The Mild Bunch: Electric Moped Sharing Arrives in Brooklyn

A local startup, Revel Transit, is starting with a few dozen scooters–but clearly thinking about a revolution

After a press conference, Revel's co-founders took their mopeds for a spin and photo op (Photos by Arden Phillips)

“We have bike share, we have car share, we have public transit, but we do not have electric mopeds and we believe that that is a missing link that the city needs,” said Paul Suhey, chief operating officer of Revel Transit, at a company press conference this morning with an unusual demonstration: the co-founders wheeling around on mopeds.

Suhey and his co-founder Frank Reig, Revel’s CEO, believe that electric mopeds have an important future in meeting New York City’s transit needs. This morning, Brooklyn-based Revel officially launched its pilot program in Bushwick, Greenpoint, and Williamsburg, which will put a total of 68 electric mopeds on the streets.

The new service is app-based and touted by its founders as having many attractive qualities not always found in traditional transportation–they’re affordable, emissions free, easy to use, and fun. “Our generation isn’t going to car dealerships and dropping tens of thousands of dollars to buy a car. They’d rather hop on a bike, hop on an electric moped, hop in a car that they share with the rest of the neighborhood and other residents,” Reig said.

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Co-founders: Frank Reig, left, and Paul Suhey at the press conference launching the service

The launch of Revel comes at a boom time for Brooklyn companies that specialize in two-wheeled, ride sharing technology. Motivate, the company behind Citi Bike, was recently purchased by the ride-hailing company Lyft, and Jump, which makes dockless e-bikes, was bought by Uber.

Prospective riders of Revel bikes need to have a valid U.S. driver’s license, a clean driving record, a credit card, and be 21 or older. After you download the Rebel app and register–newbies can sign up for a free riding lesson–it will show you the location of the nearest moped, which you can reserve up to 15 minutes in advance. Once you arrive to fetch the moped, you unlock a helmet from the case in the back and hop aboard.

You’re free to range all over Brooklyn and Queens at this point in the program–sorry, not Manhattan–and all rides must start and end in Bushwick, Greenpoint, or Williamsburg. The mopeds are classified as Class B, low-powered motorcycles, which means they can’t go over 30 mph and are forbidden on highways and major bridges. Riders are expected to obey all traffic laws, something which frequent bicycle riders might need to remind themselves to do. Failure to yield, for example, could bring a $150 fine.

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A splashy mural announces the company’s office in Bushwick

Revel’s rates are comparable to mass transit and cheaper than a taxi. Revel charges a one-time, $25 fee for a license check. After that, rides start at $4 for the first 20 minutes and 25 cents per minute after that. If a rider chooses to make a stop during the ride, the customer can park the bike temporarily for 5 cents per minute, or $3 an hour.

The mopeds are best suited for trips between 2 and 5 miles, Revel’s founders say, making them ideal for getting around neighborhoods, or from one to another. For example, “If you’re standing here in Bushwick and you need to go to Greenpoint, if you need to go from Greenpoint to South Williamsburg,” said Reig. If the program is a success, the company aims to expand to other neighborhoods, thus increasing the options. “From Dumbo to Crown Heights or Crown Heights to Bay Ridge, or wherever you’re going, this is another option to get you there,” he said.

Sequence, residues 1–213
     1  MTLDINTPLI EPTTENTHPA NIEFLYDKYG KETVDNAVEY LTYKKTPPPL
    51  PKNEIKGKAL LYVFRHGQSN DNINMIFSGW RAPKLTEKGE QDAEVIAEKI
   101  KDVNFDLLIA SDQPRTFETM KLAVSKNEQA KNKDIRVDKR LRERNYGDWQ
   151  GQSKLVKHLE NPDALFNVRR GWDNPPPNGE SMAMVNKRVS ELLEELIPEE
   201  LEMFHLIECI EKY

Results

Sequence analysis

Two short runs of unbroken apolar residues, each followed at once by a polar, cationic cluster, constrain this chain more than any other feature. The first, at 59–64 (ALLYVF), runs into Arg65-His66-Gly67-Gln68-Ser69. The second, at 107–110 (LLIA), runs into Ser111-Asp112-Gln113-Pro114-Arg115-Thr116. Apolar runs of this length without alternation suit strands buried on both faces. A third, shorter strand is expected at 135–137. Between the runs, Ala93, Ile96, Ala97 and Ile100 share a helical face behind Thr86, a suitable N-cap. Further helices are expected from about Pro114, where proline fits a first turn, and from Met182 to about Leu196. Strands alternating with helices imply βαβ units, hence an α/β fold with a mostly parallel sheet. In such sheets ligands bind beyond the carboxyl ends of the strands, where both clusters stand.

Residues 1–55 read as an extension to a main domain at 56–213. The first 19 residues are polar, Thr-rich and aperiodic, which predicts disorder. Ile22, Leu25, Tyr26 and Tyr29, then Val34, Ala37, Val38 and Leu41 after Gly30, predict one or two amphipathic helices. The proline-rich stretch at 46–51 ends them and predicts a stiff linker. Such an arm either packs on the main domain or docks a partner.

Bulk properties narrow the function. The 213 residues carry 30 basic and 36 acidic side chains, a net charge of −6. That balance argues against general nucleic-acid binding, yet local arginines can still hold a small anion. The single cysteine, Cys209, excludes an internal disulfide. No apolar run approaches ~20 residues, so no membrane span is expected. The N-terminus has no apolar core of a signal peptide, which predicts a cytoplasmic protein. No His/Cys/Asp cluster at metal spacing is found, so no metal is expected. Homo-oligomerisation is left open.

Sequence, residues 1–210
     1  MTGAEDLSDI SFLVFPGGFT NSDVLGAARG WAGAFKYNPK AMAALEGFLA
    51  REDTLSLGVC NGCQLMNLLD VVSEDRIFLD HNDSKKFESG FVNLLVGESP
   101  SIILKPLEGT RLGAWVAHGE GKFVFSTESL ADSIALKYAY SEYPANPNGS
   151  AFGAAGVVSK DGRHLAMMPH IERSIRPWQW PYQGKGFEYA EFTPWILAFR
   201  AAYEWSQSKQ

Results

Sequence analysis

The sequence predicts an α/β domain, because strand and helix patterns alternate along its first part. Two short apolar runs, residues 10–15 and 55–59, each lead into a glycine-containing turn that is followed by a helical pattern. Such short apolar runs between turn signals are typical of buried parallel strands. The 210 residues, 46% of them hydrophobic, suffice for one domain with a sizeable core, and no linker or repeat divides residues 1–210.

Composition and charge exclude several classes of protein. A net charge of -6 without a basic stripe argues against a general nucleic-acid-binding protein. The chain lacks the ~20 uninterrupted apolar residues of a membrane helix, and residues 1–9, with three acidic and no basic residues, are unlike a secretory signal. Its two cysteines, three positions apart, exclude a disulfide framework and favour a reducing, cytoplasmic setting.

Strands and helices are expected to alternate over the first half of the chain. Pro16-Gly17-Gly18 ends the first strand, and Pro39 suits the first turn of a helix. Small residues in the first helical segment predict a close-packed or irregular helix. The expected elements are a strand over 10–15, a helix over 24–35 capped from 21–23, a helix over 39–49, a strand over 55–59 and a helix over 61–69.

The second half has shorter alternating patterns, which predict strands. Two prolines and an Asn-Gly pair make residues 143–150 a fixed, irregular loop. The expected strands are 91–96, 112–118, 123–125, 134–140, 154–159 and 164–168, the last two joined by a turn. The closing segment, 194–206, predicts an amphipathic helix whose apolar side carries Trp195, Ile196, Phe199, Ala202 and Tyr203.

The company is launching with a moped made by the Spanish scooter company Torrot–Spanish-born NBA star Ricky Rubio is a brand ambassador–that has proven popular in Europe. The current model gets about 50 miles per battery charge, which is indicated on the app. Workers for the company will replace the battery packs during hours when moped use is low.

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City Council Member Reynoso has been a supporter of the new service because brings it brings emission-free transit options to neighborhoods in need of them

One important virtue of the mopeds is environmental. City Council Member Antonio Reynoso, whose District 34 includes neighborhoods with some of the highest asthma rates in the city, has been a vocal supporter of Revel. “They’re here, they’re local, and they’re in our community,” he said at the event today. “And I want to make sure that we’re doing everything that we possibly can to support local businesses and local entrepreneurs.”

The mopeds could be helpful as well in the city’s transit deserts, where mass transit is a long walk from many homes and Citi Bike has yet to reach. They could be even more welcome when the dreaded L-train shutdown happens next year, when the mopeds could be used to reach alternative mass transit.




Revel already has a growing support system. “I have no doubt New Yorkers will fully embrace another two-wheeled transit option, especially one as affordable and fun to ride as Revel,” said Justin Ginsburgh, the former head of Citi Bike, in a press release announcing the launch.

While the founders are starting small, it’s clear they’re thinking big, talking in the language of scale. “If you take a step back and look at the shared-mobility market globally,” said Reig, “and you look at where it’s heading and the new generation living in cities, shared mobility is the future.”

Arden Phillips is a New York-based writer and a graduate of the S.I. Newhouse School of Public Communications at Syracuse University, where she received a degree in Television, Radio, and Film.